A hydrocyclone which main part of desander and desilter is a device used to sort, classify, and separate a liquid suspension(solids) system into solids and liquid. Hydrocyclones have a wide variety of applications in many industries, particularly in oilfield application processing. The hydrocyclone is a continuously operating classification device with no moving parts. It utilizes fluid pressure to cause rotational forces that accelerate the settling of particles according to their size, shape and density.
Advantage Of Hydrocyclone
Hydrocyclones (desander and desilter) have many advantages as classifiers: they are simple and are inexpensive in terms of construction, installation, maintenance and capital cost. In closed grinding circuits in particular they require little space for installation and reduce residence time within the circuit, compared with the now obsolete rake classifiers. The apparent simplicity of operation of cyclones is misleading. They are not easily monitored and problems can often be missed by the operator.
Cut Size (d50)
The cut size (or d50) is the particle size at which there is equal chance that the particle will report to the overflow or underflow.
For example, if D50 = 74 μm, then 50% of the particles in the sample are larger than 74 μm, and 50% smaller than 74 μm. D50 is usually used to represent the particle size of group of particles. The mean of D10 is : if D10 = 74 μm, 10% of the particles diameter smaller than 74 μm. The same as D90.
D50 is also named x50 or Dx50 particle size according to some ISO standards or user’s tradition. General relationships between cut size and hydrocyclone geometry and operating parameters have been determined, with cut size generally considered to increase with increasing hydrocyclone diameter, increasing feed solids concentration and increasing hydrocyclone inclination to the vertical. Increasing the hydrocyclone flow rate is considered to decrease the d50 whilst the d50 is increased by altering the hydrocyclone geometry using small spigots or large vortex finders.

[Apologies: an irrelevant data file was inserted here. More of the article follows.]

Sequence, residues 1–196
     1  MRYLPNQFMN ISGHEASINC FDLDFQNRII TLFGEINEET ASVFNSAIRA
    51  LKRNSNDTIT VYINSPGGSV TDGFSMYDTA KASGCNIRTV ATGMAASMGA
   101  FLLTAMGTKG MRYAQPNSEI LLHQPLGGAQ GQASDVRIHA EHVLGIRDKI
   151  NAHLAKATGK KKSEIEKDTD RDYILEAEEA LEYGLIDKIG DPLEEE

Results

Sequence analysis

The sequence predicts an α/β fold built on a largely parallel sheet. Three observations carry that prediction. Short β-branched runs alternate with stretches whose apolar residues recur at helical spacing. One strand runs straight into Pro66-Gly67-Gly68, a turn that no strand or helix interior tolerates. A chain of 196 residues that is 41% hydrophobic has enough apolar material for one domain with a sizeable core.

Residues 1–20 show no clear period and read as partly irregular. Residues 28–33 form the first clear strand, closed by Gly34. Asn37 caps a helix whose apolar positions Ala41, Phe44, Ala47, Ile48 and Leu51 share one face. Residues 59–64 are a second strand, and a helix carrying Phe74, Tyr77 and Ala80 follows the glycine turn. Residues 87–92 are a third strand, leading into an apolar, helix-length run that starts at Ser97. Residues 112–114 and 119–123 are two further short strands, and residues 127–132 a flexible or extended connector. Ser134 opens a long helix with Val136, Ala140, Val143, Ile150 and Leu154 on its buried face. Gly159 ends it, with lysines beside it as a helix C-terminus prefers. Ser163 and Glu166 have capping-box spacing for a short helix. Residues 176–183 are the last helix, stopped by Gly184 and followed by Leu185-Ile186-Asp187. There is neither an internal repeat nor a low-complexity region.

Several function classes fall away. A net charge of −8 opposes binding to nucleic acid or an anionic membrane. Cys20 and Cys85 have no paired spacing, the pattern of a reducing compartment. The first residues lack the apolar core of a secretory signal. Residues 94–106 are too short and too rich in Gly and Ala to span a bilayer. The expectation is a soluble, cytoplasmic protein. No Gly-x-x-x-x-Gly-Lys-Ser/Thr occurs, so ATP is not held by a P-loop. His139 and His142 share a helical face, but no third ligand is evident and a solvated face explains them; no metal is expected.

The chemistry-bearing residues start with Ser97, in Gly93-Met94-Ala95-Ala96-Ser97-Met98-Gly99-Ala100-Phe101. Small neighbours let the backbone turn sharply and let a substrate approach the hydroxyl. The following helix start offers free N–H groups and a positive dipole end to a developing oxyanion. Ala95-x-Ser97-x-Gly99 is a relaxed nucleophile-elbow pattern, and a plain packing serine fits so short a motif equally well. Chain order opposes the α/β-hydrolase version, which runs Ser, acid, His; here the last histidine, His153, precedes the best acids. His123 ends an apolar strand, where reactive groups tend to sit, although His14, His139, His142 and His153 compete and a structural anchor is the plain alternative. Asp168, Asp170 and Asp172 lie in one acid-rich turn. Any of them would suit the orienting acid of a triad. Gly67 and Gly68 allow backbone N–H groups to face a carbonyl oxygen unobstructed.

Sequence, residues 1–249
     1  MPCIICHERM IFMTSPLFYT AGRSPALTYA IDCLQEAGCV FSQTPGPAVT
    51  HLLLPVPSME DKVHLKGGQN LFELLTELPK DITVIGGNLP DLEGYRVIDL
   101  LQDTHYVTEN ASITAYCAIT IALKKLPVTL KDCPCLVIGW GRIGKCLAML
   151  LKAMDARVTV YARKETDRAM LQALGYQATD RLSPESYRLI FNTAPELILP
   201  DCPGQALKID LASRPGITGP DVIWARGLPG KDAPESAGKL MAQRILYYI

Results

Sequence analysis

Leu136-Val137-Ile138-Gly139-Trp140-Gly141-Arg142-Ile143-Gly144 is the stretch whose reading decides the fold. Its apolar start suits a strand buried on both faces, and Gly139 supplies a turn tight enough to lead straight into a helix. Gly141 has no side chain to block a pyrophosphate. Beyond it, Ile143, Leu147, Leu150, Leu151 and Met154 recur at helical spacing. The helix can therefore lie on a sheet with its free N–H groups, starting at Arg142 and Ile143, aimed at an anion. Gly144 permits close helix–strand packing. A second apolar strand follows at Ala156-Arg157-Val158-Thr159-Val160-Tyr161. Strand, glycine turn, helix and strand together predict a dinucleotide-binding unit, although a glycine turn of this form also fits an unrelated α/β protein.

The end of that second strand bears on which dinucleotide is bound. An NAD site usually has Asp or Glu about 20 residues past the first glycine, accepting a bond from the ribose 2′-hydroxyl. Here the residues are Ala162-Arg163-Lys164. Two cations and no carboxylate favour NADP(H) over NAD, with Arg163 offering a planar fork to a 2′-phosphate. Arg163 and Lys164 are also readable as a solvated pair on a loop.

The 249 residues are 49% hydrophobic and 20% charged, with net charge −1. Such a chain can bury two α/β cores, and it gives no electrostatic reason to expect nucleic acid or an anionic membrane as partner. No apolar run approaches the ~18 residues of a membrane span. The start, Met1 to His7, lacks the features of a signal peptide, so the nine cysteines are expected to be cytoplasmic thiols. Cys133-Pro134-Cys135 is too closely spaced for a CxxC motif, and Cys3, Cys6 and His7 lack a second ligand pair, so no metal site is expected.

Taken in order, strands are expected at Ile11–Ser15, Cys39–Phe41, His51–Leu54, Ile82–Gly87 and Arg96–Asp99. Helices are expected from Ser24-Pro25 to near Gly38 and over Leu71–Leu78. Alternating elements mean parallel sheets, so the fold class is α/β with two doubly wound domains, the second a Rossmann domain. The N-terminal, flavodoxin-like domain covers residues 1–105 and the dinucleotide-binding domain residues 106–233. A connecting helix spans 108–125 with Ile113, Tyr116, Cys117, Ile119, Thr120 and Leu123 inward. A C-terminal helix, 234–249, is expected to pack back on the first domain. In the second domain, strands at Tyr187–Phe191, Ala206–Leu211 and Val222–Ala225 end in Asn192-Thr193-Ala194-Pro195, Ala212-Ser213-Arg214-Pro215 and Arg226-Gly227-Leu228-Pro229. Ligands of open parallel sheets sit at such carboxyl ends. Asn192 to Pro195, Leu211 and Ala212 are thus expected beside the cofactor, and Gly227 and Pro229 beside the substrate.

During the classification process, some fine particles are entrained in the underflow liquid and report in the underflow product instead of the overflow. Kelsall suggested that solids of all sizes are entrained in the coarse product liquid by short circuiting in direct proportion to the fraction of feed water reporting to the underflow. The number of particles misplaced to the underflow by entrainment can be reduced by appropriate hydrocyclone operation. The water split to the underflow increases with increasing feed solids concentrations and the use of hydrocyclones with large spigot
sizes or small vortex finders. Increasing the flow rate to the hydrocyclone reduces the water split to the underflow, and therefore the number of particles misplaced due to entrainment.
Optimisation of Hydrocyclone Performance Under Cut size (d50)
Optimisation of cyclones involves achieving the d50c set by downstream processing requirements and minimising the quantity of misplaced particles in the underflow and overflow streams, i.e. maximising efficiency. The choice of d50c is based on the fineness required of the circuit product, possibly for additional grinding or in many cases for beneficiation such as flotation.